• Primary Transitions 5

    Transition Into Kindergarten

    The transition into kindergarten represents a distinct shift in childrens lives

    (Dockett & Perry, 2001; NCDPI, 2007; Rimm-Kaufman & Pianta, 2000). The

    discontinuity between preschool and kindergarten settings presents a dramatic

    transformation. Class size, school environment, parent involvement, social

    relationships, academic demands, and behavioral expectations change as children

    enter kindergarten and begin formal schooling (Pianta & Kraft-Sayre, 2003). Recent

    studies have found that children starting school exhibit higher levels of stress than do

    children in preschool settings (Schleibs, 2007). Concurrent with these challenges

    associated with the transition into school, studies have demonstrated that critical

    competencies, such as social and academic skills, for future school successes are

    established in kindergarten (Early, Pianta, Taylor, & Cox, 2001). Pianta and Kraft-Sayre

    (2003) found that childrens early schooling can be considered a critical period that sets

    the trajectory for their future school adjustment (p. 2).

    Developmental Perspectives

    When children make this significant transition into school, the environment and

    expectations shift concurrent with growing developmental changes. Children ages three

    to five are beginning to demonstrate positive assets, including increasing independence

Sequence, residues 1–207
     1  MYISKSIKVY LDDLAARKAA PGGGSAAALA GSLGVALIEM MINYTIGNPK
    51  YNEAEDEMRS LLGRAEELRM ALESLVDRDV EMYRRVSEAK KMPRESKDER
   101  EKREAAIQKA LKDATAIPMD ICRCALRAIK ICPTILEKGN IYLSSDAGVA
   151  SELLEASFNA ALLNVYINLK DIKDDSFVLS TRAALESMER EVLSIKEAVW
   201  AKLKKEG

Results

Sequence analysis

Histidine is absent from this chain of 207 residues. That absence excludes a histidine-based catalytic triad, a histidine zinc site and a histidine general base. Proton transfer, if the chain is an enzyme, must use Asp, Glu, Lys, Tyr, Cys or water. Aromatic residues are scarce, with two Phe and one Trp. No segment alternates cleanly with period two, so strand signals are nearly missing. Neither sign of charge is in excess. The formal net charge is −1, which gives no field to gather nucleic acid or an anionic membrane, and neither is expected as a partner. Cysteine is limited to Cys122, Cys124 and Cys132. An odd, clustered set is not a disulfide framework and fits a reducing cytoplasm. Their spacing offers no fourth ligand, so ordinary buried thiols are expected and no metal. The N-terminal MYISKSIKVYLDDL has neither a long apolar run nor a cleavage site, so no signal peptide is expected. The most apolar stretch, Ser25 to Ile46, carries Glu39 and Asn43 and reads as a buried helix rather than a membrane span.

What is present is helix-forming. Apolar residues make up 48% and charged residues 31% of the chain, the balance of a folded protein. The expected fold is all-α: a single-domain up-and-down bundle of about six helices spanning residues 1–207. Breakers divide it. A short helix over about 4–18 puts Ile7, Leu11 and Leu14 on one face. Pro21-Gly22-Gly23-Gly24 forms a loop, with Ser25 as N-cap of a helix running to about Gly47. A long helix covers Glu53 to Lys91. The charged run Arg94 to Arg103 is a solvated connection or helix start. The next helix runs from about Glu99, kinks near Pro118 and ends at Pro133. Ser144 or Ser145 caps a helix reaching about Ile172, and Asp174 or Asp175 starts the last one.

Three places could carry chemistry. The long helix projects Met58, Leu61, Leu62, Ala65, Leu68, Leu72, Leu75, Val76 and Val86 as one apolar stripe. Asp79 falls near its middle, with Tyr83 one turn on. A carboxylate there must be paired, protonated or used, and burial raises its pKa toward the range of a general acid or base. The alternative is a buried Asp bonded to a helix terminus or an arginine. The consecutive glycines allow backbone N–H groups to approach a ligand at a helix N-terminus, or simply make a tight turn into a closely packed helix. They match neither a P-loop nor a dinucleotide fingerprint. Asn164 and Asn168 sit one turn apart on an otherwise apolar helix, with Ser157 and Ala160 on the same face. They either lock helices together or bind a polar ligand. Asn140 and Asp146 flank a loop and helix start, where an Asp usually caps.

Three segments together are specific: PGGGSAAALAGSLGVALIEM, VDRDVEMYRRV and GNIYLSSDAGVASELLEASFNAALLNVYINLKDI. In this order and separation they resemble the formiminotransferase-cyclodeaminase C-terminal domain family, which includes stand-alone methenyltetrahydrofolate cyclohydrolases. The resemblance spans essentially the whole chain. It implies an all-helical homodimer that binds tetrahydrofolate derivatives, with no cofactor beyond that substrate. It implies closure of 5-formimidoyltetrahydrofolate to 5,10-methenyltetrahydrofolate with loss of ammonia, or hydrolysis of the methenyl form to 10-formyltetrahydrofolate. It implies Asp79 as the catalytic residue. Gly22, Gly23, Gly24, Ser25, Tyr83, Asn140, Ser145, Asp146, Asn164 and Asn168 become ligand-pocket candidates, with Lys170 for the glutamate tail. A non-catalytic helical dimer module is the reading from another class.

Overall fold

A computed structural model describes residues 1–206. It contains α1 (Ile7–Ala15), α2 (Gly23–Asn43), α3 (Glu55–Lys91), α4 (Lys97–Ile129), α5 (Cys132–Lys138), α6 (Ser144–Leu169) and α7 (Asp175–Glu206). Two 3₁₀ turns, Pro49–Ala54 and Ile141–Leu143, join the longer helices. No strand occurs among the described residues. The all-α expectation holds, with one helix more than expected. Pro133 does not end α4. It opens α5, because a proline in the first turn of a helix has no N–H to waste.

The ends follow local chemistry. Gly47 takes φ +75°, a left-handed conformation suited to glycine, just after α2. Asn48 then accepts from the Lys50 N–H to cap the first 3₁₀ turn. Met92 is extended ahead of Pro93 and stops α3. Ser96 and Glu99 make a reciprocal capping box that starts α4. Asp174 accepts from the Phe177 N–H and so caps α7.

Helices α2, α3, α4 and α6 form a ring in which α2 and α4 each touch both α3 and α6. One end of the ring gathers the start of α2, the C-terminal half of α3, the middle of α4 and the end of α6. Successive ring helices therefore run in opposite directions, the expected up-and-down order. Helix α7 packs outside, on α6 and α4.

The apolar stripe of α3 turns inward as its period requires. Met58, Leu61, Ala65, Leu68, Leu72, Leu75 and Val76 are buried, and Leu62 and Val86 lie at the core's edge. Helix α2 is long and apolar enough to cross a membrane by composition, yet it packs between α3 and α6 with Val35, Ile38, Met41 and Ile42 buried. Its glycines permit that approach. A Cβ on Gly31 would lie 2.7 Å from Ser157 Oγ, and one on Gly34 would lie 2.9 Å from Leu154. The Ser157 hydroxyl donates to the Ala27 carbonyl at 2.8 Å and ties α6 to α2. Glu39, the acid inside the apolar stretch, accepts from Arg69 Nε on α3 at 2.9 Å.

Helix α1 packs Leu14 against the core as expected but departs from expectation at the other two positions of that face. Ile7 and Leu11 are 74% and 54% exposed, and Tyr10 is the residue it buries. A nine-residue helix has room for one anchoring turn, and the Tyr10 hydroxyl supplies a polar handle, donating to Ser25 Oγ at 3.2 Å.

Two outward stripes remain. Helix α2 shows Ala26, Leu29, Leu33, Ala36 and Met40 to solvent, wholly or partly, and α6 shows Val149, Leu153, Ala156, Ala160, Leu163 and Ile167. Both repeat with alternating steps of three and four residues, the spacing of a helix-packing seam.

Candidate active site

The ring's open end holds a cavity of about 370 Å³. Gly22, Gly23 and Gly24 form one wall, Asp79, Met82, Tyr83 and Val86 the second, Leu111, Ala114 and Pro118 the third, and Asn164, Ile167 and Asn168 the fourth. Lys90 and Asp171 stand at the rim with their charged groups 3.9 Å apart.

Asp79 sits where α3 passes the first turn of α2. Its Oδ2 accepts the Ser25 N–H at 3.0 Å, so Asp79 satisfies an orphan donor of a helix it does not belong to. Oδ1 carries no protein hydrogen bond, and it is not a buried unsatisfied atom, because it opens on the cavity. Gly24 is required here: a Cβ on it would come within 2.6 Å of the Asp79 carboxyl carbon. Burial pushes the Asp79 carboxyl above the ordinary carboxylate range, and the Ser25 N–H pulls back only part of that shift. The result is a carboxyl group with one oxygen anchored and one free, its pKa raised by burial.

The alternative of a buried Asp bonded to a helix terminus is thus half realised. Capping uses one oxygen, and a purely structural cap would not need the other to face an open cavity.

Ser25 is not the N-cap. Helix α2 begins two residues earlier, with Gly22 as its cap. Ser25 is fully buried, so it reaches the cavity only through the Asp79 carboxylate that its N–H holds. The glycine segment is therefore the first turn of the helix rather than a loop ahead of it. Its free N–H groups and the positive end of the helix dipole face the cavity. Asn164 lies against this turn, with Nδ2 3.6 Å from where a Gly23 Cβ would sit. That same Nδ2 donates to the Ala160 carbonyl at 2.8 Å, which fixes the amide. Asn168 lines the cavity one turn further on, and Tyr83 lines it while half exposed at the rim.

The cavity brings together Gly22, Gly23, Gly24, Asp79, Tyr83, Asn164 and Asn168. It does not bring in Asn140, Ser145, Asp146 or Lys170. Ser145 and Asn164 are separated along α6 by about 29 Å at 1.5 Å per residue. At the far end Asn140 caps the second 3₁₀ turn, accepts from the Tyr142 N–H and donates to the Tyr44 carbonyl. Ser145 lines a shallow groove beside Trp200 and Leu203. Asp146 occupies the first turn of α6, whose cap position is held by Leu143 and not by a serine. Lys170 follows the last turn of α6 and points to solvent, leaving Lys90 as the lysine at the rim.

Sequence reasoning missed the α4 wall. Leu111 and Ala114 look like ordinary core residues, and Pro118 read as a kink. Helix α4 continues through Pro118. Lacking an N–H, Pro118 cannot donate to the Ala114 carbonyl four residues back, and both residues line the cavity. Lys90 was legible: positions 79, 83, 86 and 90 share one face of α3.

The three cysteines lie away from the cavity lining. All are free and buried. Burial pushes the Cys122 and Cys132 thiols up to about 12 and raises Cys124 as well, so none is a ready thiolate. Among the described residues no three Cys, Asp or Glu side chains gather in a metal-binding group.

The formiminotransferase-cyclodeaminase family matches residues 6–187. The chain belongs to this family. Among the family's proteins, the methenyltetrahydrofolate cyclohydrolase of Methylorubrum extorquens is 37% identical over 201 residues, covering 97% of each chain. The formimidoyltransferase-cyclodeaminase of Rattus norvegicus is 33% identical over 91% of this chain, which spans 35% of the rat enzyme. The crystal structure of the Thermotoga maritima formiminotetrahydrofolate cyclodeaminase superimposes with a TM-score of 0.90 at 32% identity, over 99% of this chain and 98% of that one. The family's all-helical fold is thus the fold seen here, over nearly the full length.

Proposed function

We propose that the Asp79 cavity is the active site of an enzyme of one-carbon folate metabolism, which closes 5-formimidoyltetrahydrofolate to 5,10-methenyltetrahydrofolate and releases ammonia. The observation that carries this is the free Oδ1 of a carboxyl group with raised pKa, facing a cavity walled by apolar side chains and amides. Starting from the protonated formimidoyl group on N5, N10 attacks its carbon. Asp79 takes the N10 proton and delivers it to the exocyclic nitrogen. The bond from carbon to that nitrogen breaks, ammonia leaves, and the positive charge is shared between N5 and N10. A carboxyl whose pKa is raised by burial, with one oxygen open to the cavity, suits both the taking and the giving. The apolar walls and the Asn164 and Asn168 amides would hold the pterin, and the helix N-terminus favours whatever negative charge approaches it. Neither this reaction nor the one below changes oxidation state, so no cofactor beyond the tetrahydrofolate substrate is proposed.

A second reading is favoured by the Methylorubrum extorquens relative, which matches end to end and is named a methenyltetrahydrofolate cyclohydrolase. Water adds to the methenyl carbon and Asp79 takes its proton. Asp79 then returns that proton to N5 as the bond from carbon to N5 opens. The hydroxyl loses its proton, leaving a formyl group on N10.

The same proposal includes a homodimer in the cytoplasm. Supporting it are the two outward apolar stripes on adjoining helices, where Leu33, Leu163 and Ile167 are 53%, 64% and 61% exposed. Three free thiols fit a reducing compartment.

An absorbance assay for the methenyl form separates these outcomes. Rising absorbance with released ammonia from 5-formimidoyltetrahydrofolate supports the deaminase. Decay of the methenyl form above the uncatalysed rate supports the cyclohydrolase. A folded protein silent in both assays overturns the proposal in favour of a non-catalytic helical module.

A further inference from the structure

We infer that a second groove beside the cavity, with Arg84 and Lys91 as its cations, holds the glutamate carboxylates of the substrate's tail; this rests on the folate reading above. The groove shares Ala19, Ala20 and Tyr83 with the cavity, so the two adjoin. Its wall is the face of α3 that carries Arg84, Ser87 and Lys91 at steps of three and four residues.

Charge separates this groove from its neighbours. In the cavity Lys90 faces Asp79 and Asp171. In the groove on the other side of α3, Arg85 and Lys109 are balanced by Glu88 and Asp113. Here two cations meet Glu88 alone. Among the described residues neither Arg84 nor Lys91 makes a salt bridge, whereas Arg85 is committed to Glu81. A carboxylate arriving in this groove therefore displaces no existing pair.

and responsibility (Rimm-Kaufman & Pianta, 2000), while also starting to feel more

    comfortable when separated from familiar people.. Childrens social networks change

    from interacting primarily with adults to interacting more with other children, and many

    experience difficulty in these novel interactions with peers. Cognitively, children are

    expanding their language skills, exploring their world by being actively involved with the

  • Primary Transitions 6

    materials and people in their environment, and developing a sense of how reading,

    writing, and numbers work. They are still concrete learners, needing hands-on

    experiences and choices, and remain egocentric, but are beginning to see that others

    may have different perspectives.

    Ecological Challenges

    While these cognitive, social, and physical shifts are taking place within

    kindergarteners, they also are presented with environmental opportunities that can